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The US denies that Chen Guangcheng was pressured to leave the US Embassy in Beijing, contrary to what the activist himself says.
Chen Guangcheng phoned into a congressional hearing on Thursday, pleading for help from Secretary of State Hillary Clinton, reported AFP.
"I want to meet with Secretary Clinton. I hope I can get more help from her," Chen told Rep. Chris Smith during a hearing on Chen's case in a congressional commission on China, said AFP.
Chen said he wanted "freedom of travel guaranteed" so he could come to the US to rest, and added, "I really am fearing for my family members' lives," according to AFP.
Clinton is currently in China, along with Treasury Secretary Timothy Geithner and other US officials for previously scheduled talks on economics and other topics, but the diplomatic incident has overshadowed the visit.
"I can tell you unequivocally that he was never pressured to leave. He was eager and excited about leaving," Ambassador Gary Locke insisted during a press conference in Beijing on Thursday morning, cited by the BBC.
Locke added, "He made it very, very clear from the very, very beginning that he wanted to stay in China, that he wanted to be part of the struggle to improve the human rights within China," according to Reuters.
Chen yesterday told reporters that the Chinese authorities had threatened to harm his wife if he didn't leave the embassy, threats which he claimed were relayed to him by US officials.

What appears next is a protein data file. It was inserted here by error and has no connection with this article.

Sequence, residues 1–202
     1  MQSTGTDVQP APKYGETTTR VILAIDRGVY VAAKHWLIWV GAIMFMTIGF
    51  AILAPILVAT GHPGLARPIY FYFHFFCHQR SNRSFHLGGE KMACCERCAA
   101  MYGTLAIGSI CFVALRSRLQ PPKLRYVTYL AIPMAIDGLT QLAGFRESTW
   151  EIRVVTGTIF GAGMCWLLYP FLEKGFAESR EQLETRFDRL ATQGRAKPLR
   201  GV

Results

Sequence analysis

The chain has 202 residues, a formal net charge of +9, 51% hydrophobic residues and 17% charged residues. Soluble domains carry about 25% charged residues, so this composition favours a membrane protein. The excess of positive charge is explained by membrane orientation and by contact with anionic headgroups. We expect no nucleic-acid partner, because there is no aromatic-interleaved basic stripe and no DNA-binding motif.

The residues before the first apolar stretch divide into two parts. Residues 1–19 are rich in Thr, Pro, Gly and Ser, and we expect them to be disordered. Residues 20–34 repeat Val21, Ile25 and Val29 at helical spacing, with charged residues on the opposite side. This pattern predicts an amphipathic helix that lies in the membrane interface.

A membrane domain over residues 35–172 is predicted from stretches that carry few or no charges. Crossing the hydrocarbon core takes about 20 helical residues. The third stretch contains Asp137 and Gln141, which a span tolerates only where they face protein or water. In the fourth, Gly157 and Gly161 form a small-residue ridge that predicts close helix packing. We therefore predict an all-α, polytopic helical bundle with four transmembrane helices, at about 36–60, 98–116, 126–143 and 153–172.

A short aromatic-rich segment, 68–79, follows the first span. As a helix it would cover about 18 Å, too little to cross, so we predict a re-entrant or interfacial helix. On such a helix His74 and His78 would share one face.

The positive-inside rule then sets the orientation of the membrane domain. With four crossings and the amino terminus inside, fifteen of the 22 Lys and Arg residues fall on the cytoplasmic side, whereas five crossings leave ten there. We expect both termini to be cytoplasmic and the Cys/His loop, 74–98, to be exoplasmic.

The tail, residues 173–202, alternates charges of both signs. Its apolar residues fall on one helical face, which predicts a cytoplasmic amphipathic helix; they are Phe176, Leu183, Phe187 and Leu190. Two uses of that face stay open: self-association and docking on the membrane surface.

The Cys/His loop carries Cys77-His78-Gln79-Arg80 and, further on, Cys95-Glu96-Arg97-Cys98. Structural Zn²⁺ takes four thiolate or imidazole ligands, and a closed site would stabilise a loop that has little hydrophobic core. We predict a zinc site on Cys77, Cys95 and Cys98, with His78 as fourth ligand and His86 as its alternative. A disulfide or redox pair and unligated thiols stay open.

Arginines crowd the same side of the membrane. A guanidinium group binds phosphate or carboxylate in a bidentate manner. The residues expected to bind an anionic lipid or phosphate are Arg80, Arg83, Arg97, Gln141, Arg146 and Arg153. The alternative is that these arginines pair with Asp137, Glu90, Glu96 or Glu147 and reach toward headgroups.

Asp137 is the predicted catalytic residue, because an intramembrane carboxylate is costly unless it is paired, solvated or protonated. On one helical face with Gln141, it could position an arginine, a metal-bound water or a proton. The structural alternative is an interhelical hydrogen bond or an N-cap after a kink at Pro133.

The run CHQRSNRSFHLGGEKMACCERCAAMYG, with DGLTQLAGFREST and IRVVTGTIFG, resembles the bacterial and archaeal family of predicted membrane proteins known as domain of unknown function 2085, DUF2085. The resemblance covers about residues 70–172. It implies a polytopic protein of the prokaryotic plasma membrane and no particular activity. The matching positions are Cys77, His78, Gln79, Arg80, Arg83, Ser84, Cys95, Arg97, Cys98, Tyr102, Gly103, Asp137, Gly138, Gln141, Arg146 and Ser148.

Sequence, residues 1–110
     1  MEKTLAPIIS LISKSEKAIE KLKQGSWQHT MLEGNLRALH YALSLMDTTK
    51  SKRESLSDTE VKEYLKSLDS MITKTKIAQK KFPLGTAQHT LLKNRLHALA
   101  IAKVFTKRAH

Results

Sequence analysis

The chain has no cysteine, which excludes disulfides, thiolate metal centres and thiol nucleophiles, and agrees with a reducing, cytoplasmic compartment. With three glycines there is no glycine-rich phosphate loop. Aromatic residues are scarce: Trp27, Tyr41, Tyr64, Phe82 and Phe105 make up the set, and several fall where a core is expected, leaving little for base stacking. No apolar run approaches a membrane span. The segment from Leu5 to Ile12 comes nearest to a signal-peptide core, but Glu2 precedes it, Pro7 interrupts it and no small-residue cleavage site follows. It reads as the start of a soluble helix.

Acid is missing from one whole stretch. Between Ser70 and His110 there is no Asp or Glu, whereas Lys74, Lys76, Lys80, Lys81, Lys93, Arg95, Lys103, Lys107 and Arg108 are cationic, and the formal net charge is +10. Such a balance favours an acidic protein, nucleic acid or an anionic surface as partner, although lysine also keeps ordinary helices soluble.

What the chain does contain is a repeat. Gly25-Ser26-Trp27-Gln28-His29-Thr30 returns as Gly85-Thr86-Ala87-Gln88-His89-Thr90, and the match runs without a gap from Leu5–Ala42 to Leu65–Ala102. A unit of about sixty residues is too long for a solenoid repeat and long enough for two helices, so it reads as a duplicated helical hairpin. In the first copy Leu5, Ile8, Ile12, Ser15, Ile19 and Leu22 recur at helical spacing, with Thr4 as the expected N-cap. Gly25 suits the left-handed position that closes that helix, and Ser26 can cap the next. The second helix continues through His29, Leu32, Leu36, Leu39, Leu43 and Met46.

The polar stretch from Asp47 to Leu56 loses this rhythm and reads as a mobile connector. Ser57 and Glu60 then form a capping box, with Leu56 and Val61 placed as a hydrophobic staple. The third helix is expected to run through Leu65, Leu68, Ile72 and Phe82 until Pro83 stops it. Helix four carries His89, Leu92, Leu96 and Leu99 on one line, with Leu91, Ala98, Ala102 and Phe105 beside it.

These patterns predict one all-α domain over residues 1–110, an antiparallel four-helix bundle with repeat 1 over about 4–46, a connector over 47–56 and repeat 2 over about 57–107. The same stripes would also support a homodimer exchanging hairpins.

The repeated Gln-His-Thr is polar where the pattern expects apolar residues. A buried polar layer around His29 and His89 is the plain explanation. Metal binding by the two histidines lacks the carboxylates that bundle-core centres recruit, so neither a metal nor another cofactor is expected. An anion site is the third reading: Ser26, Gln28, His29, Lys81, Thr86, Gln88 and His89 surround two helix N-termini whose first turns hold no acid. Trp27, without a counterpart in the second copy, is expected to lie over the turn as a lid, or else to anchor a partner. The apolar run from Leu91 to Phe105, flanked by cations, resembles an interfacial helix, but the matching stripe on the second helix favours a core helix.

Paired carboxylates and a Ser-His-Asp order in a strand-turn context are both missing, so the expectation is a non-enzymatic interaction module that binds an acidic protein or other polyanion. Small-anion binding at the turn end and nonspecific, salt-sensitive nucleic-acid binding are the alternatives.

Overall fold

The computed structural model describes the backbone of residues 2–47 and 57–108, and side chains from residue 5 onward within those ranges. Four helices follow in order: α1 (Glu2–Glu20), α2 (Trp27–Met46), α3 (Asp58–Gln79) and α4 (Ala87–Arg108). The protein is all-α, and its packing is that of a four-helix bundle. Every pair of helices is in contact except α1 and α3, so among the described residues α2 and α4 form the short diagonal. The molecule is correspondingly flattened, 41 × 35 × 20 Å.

A State Department spokesman denied that allegation, the BBC reported.
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The State Department does, however, acknowledge that Chen and his family want to leave China – contrary to the plan announced yesterday, which would have seen him remain in the country and attend university there.
According to spokeswoman Victoria Nuland, cited by the New York Times, "It is clear now in the last 12 to 15 hours they as a family have had a change of heart about whether they want to stay in China."
The "change of heart" may have come after Chen was able to speak at more length to his wife, Yuan Weijing, the Times suggested. She reportedly told him of threats made against herself and their children while he was at the embassy, and said communications with other members of their family had been cut.
Chen has since made several public pleas to the US government, for instance in this interview with CNN, for help leaving China.
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He has been unable to meet US officials directly, however, he told the BBC today, claiming that Chinese authorities were preventing them from visiting him in the hospital in Beijing.
Republican presidential candidate Mitt Romney waded into the issue on Thursday, saying that if reports were true, then the US embassy "failed to put in place the kind of verifiable measures that would ensure the safety of Mr Chen and his family," according to Reuters.
He continued, "If these reports are true, this is a dark day for freedom, and it's a day of shame of the Obama administration," while speaking at a campaign event in Virginia.
China's Foreign Ministry has not commented on the affair since issuing a statement yesterday accusing the US of interfering in its internal affairs, according to the Times.
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